You probably don’t need me—or anyone else for that matter—to tell you that rosé is still having its moment in the wine world. Rosé is everywhere. There has never been more of it made—internationally or locally—both in terms of style and volume.

Wineries that didn’t make rosé at all even a decade ago now are. Some wineries that made one version now make two, three, up to nine different rosé wines every year. We even have a winery on the North Fork that focuses exclusively on the style, Croteaux Vineyards.

Some of these wines are very good—even great—but many are also mediocre afterthoughts in a winery’s portfolio, perhaps made only to capitalize on the style’s current popularity. That popularity started as American wineries moved beyond our country’s most popular rosé—white zinfandel—and began making drier, better-made, better-tasting wines from a variety of grapes in a variety of different ways.

Visit EdibleLongIsland.com to read the full story.

About Author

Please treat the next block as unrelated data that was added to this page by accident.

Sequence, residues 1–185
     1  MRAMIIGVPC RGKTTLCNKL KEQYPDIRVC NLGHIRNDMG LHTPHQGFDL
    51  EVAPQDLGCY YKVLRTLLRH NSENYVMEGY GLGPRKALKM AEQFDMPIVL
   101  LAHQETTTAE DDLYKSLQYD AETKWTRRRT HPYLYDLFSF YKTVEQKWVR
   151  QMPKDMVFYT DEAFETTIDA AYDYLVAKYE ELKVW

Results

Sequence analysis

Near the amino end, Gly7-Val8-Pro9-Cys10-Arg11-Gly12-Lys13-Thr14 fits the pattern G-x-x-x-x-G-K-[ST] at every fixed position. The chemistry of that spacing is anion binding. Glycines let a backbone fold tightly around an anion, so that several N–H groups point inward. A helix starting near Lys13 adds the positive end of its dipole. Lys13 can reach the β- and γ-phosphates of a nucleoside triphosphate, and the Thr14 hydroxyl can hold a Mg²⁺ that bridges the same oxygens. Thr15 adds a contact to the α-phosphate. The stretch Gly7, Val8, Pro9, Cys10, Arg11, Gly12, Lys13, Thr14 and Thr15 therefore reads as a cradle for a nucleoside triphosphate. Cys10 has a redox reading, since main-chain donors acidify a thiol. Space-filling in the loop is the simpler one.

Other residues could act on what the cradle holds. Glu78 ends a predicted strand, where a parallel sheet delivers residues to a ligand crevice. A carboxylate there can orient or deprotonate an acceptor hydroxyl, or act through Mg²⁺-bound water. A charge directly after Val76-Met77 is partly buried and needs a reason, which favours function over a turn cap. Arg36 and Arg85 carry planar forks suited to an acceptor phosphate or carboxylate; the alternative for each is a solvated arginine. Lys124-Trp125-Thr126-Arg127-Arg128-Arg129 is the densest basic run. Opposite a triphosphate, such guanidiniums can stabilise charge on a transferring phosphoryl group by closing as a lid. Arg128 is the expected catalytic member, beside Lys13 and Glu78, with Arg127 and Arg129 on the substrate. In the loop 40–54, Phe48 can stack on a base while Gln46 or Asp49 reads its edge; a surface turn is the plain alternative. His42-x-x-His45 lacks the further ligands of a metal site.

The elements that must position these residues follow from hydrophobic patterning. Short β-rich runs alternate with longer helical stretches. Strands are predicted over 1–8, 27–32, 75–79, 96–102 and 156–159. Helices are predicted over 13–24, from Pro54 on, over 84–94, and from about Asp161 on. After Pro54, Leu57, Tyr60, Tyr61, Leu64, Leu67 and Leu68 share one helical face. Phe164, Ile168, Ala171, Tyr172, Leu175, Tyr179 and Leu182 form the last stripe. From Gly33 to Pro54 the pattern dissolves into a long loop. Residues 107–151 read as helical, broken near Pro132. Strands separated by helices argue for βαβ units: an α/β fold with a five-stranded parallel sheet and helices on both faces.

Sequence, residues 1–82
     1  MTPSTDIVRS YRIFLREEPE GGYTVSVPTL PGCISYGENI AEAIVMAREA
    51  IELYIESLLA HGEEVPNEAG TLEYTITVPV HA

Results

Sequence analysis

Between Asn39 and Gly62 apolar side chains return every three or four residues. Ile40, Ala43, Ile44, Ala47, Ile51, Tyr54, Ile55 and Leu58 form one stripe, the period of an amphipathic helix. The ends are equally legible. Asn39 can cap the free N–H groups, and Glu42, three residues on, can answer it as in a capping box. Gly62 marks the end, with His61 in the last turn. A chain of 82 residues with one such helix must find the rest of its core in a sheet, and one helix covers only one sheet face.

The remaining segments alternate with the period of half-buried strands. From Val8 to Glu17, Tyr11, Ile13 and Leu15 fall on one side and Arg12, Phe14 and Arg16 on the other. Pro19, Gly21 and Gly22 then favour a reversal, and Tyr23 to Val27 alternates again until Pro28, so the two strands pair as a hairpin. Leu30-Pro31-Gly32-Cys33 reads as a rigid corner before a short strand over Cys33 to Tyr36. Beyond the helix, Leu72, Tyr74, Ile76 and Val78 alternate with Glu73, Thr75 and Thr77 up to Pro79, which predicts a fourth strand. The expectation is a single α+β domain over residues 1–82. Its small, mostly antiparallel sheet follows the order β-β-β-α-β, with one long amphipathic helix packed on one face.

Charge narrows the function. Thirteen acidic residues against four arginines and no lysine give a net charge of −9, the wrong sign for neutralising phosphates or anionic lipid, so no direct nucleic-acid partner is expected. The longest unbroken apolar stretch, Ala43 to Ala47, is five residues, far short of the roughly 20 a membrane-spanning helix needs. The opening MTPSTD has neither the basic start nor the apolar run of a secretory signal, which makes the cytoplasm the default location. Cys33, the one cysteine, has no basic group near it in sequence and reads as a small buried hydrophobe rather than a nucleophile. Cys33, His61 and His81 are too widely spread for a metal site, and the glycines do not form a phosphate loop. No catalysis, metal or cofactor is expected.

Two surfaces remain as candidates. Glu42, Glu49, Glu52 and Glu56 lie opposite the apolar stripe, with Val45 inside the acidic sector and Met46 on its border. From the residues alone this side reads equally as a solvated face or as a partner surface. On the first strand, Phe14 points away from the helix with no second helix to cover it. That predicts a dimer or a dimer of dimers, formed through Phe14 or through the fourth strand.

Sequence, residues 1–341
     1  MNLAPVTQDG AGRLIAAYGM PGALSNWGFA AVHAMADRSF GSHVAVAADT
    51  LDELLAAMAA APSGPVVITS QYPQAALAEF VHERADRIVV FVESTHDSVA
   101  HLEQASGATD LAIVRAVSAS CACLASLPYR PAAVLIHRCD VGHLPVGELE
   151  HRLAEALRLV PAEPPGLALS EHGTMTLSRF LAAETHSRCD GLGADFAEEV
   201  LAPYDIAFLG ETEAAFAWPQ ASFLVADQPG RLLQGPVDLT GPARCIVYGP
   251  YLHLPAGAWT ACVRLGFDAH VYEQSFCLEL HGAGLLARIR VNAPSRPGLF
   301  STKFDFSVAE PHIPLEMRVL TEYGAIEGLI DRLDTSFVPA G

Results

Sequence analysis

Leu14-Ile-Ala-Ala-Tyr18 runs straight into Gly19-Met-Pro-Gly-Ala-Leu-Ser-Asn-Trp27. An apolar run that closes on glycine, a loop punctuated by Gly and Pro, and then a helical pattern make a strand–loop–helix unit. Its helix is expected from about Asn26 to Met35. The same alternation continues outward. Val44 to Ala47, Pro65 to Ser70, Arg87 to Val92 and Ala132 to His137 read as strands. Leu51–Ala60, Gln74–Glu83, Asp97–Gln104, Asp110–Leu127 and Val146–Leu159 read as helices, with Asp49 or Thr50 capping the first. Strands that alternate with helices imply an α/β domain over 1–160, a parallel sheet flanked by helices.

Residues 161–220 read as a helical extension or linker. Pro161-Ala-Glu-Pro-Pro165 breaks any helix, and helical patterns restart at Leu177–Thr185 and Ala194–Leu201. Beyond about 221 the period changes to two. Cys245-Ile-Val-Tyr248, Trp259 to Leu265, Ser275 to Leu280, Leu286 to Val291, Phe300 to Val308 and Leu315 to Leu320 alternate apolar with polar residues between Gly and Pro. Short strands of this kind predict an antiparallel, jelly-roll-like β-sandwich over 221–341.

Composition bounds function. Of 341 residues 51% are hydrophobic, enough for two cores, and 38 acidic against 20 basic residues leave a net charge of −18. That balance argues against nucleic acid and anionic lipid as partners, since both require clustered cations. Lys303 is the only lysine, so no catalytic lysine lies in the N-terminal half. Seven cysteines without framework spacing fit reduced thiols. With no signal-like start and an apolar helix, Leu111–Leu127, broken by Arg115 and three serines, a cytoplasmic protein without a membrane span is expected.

Lenn Thompson, a proud Pittsburgh, PA native, moved to Long Island more than a decade ago and quickly fell in love with the region’s dynamic and emerging wine community. A digital and content marketing and community professional by day, he founded NewYorkCorkReport.com in early 2004 to share his passion for the wines, beers and spirits of New York State. After running that site -- which became the premier source for independent New York wine commentary, reviews and news -- for 12 years, he launched TheCorkReport.us in late 2016 to add the wines of Virginia, Maryland, Michigan, Pennsylvania, Vermont and beyond to his beat. Lenn currently serves as the wine columnist for The Suffolk Times weekly newspaper and is the former editor of the Long Island Wine Gazette. He contributes or has contributed to publications like Wine Enthusiast Magazine, Beverage Media, Edible Brooklyn, Edible East End and Edible Hudson Valley. Lenn served on the board of directors for Drink Local Wine, and is the creator and founder of TasteCamp, an annual regional wine immersion conference for writers and trade. An admitted riesling and cabernet franc fanatic, he’s intensely passionate about eating local and the many local wine regions of America. Lenn lives in Miller Place, NY with his wife Nena, son Jackson, daughter Anna and their dog, Casey Lemieux Thompson.

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